Arizona GOP chair asks Supreme Court to block phone records from Jan. 6 panel
The chairwoman of the Arizona Republican Party on Wednesday asked the Supreme Court to temporarily shield her phone records from the House panel investigating the Jan. 6, 2021, insurrection in support of former President Trump.
The emergency filing by Kelli Ward is the latest twist in her months-long effort to fend off congressional investigators’ pursuit of her records, and comes just days after a divided federal appeals court panel denied her request to block the House committee’s subpoena.
The filing by Ward and her husband, Michael Ward, was directed to Justice Elena Kagan, who handles emergency matters arising from Arizona.
Following the 2020 election, the Wards were among a group of 11 Arizonans who falsely claimed to represent a slate of pro-Trump electors, signing a phony election certificate that purported to show former President Trump won Arizona, despite his losing the state to Joe Biden.
The Jan. 6 panel, which subpoenaed Ward’s phone carrier for her records, has described the multi-state attempt to put forth fake Trump electors as central to the effort to overturn Trump’s defeat, which eventually led to the riot at the Capitol.
In court papers filed Wednesday, the Wards portrayed the Jan. 6 investigation as politically motivated, and said their case carried “profound precedential implications” for the right to free political association.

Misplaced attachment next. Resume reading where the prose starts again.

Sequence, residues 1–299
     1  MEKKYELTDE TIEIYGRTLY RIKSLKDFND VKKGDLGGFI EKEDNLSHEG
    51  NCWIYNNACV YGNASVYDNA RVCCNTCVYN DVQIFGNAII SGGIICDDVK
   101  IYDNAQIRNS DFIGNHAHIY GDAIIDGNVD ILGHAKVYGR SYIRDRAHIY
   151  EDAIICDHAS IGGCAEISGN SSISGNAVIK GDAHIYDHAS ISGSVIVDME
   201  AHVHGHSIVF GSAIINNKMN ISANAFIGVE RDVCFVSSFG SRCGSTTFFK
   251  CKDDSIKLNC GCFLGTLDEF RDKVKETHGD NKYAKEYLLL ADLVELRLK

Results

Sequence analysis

“In a first-of-its-kind situation, a select committee of the United States Congress, dominated by one political party, has subpoenaed the personal telephone and text message records of a state chair of the rival political party relating to one of the most contentious political events in American history — the 2020 election and the Capitol riot of January 6, 2021,” they wrote.
The Wards’ application to the Supreme Court follows a 2-1 ruling against them by a panel of judges on the U.S. Court of Appeals for the 9th Circuit. The divided panel, in a ruling issued on Saturday, denied the Wards’ request for an order barring their phone carrier, T-Mobile, from complying with Jan. 6 panel subpoena for three-months of phone records spanning the run-up to the Nov. 2020 election through January 2021.
“Ward participated in a scheme to send spurious electoral votes to Congress, a scheme that the Committee describes as ‘a key part’ of the ‘effort to overturn the election’ that culminated on January 6,” the majority wrote. “Although Ward asserts that ‘congressional investigators already know what she did,’ the Committee explains that that is untrue: When the Committee sought to question her about those activities, she invoked the Fifth Amendment and refused to answer.”
Earlier in the case, a federal judge in Arizona in September rejected the Wards’ request to quash the subpoena, prompting their appeal.
—Updated at 4:14 p.m.
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